“Anytime you get to a Game 7, the excitement of it never goes away,” said Canadiens defenseman Josh Gorges after Montreal's optional pregame skate at TD Garden on Wednesday. “This is what we play the game for. Both teams are in a do-or-die situation. You got two teams that are bitter rivals for years, and to be a part of this — it’s going to be a fun game to be a part of.
“I know both teams are going to give everything they got. It’s going to be a tough game, but it’s going to be one that’s going to be a fun one to be a part of.”
The rivalry between the Boston Bruins and the Montreal Canadiens has been long, tumultuous and bitter at times. Whatever happens at TD Garden on Wednesday night as this series comes to a close, it promises to add another memorable chapter to the story.
“It’s obviously really exciting,” said Canadiens forward Brendan Gallagher, who will be partaking in the first Game 7 of his NHL career. “These are the games that you remember growing up watching, and it’s do or die, so you just got to show up. You got to execute your gameplan, try to keep emotions in check, handle the nerves early and just play a regular game.”
For the Canadiens, that will be one of the keys on Wednesday — treating this critical game as though it is any other game. Finding the balance between feeding off the energy and excitement that comes with a Game 7, but still finding a way to tune out the the pressure.
In a sense, Montreal knows what it takes to come into a Game 7 with the right attitude. Facing a 3-2 series deficit, it treated Monday’s Game 6 as a Game 7. Losing that one would have the same consequences as losing this one.
"It’s a matter of attitude, and I believe we got the right frame of mind and the right mindset for Game 6," said Canadiens Head Coach Michel Therrien. "The attitude was there, and I saw a bunch of guys yesterday — you know what, they got the same attitude, and this morning again.
“So we’re all excited about that challenge. It was a huge challenge for us back home, and it’s another huge challenge for us tonight.”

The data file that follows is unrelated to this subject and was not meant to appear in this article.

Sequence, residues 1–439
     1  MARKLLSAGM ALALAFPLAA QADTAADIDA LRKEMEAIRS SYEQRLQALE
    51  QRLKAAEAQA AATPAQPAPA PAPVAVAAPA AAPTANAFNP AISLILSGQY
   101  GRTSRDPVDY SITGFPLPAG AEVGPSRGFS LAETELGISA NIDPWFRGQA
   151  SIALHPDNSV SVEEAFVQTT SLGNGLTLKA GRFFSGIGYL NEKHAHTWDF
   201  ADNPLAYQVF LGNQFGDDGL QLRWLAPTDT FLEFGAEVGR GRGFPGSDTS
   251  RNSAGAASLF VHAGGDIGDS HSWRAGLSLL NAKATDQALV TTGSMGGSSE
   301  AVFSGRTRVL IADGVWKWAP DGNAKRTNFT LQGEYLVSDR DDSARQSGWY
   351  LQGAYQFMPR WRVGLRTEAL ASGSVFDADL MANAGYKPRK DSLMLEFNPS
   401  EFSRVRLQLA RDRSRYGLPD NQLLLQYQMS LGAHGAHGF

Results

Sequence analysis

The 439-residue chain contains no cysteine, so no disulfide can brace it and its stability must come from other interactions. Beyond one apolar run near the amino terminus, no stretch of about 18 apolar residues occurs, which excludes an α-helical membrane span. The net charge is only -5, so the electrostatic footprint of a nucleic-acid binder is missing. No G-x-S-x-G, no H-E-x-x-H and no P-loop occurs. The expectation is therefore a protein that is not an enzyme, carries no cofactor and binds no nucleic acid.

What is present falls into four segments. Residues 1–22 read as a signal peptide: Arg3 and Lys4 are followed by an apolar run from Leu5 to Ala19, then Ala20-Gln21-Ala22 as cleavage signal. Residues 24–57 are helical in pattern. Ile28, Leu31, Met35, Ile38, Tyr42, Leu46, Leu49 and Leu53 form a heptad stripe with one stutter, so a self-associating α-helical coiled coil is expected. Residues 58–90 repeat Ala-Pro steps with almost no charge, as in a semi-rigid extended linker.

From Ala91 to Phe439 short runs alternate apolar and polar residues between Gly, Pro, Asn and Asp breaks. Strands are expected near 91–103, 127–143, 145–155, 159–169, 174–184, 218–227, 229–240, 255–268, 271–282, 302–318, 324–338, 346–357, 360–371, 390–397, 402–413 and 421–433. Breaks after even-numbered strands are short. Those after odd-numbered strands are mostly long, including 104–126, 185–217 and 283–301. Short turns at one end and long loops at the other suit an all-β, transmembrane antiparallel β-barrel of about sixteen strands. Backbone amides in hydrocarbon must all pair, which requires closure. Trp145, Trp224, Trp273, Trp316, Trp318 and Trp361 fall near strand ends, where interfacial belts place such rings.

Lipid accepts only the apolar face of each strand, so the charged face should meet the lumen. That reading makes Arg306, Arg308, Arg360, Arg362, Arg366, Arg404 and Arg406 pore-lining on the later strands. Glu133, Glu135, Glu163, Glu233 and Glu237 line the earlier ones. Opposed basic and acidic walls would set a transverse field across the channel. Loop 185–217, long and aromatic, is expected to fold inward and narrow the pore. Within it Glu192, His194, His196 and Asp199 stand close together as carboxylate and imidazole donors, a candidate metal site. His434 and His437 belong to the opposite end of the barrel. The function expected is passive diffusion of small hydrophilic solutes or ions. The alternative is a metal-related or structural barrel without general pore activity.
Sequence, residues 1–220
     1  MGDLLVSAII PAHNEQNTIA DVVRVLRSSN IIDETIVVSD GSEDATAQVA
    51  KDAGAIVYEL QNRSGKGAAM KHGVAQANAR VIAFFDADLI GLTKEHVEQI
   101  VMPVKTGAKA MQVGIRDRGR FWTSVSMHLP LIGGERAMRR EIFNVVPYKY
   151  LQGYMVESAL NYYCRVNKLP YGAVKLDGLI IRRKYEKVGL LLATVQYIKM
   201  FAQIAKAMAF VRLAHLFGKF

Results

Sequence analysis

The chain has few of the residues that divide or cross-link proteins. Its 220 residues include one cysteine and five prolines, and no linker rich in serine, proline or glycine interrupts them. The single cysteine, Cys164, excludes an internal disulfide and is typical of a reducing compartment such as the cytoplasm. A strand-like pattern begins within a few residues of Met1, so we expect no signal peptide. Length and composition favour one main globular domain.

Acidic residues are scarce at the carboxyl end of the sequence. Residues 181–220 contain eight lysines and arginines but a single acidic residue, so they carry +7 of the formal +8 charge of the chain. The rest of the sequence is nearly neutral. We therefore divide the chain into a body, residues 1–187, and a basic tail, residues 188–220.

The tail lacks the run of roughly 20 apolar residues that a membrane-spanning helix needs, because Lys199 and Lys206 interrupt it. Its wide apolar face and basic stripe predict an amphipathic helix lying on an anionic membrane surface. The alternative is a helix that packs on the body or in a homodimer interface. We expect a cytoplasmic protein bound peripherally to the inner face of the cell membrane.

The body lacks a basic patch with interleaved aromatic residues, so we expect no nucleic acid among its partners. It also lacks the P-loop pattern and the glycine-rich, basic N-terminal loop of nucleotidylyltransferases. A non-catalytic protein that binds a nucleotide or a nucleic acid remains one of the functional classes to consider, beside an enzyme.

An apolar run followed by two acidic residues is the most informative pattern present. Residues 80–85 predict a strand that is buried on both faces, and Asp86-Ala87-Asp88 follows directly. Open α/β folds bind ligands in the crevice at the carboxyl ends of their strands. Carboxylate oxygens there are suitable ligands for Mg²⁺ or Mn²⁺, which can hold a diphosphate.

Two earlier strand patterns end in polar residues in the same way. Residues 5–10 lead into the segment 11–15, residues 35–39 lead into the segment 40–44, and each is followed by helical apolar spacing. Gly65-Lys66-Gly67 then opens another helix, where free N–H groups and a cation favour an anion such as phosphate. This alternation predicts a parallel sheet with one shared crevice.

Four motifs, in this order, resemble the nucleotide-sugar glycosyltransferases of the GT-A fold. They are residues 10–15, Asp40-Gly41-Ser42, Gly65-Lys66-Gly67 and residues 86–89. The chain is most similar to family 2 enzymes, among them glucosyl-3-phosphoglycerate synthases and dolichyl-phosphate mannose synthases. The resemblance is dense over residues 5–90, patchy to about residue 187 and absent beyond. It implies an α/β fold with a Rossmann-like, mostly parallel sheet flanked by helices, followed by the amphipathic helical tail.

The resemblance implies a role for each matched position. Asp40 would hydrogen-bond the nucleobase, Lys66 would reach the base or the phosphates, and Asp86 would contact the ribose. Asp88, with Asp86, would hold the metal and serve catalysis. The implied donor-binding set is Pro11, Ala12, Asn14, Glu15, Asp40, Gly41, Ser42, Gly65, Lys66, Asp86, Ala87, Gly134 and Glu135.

The Canadiens played desperate hockey on Monday night, and it paid off in the form of a 4-0 victory at the Bell Centre. They skated hard, they played smart and they capitalized on all of the Bruins’ miscues.
Now, it’s about analyzing the things they did well during that game and applying those lessons to the game that will take place at the Garden on Wednesday.
“As a group, we have to understand what we did well and what makes us a successful team, and I think they’re going to do the same thing,” Gallagher said. “They’re going to try to play like the Boston Bruins play, and we’re going to try to play like the Montreal Canadiens play. We have to play our game and do everything we do well that’s made us successful all year, and that’s everyone showing up, being aggressive, winning puck battles. And if we do that, we give ourselves a good chance.”
Though Game 6 played out just about as well as the Canadiens could have hoped, they know there is always room for improvement, just as there is after every single game.
“It was a good game. Obviously, like any [game], we take the good and try to correct the bad,” Gallagher said. “There’s still mistakes that we made. We still feel like we can improve and play a better game, but that was a good game, and that’s the mindset and the attitude you need to have to be successful.
“You have to really play like it’s your last shift and there is no tomorrow. So you go out there and you just work as hard as you can, and it sounds simple, but if you go out there and do that every single shift, you give yourself a good chance to win.”
Another part of that is getting a spectacular performance out of Carey Price, who has gone 3-3 during this series with a 2.20 goals-against average and a .931 save percentage. The goaltender has, at times, stood on his head to keep the Canadiens afloat, and he has to be prepared to do that again in order to help Montreal prolong its season.
Fortunately, his team has all the confidence in the world in him -- and he has just as much confidence in himself.
“Carey Price is a true leader for us,” Therrien said. “He’s calm and makes our team play with confidence, and that goes with maturity. He’s a young veteran, but this year, his experience at the Olympics — I thought he was phenomenal. He was a true leader for that and he ends up winning the gold medal.
“Last game was same thing — it was a huge game for us, and he acted like a true leader. And for sure, when you’re a leader like that, playing with that type of confidence, it gives a lot of confidence to your team.”
As much as they are aware that they must keep their excitement in check for Wednesday’s pivotal game, the Canadiens understand that they would be naive to believe that there won’t be some nerves, some extra emotion.
Therefore, Gorges said, it is critical that he and his teammates keep their emotions in check. No silly penalties, no scrums after the whistles. They need to skate hard, use their speed and continue to bury every chance they get.
“I know it’s a high emotion game, and you have to play with that emotion, but you got to walk that fine line of keeping it in control,” Gorges said. “I think this game is always a game of mistakes, and I think the team that makes fewer mistakes tonight is probably going to be the team that comes out on top.”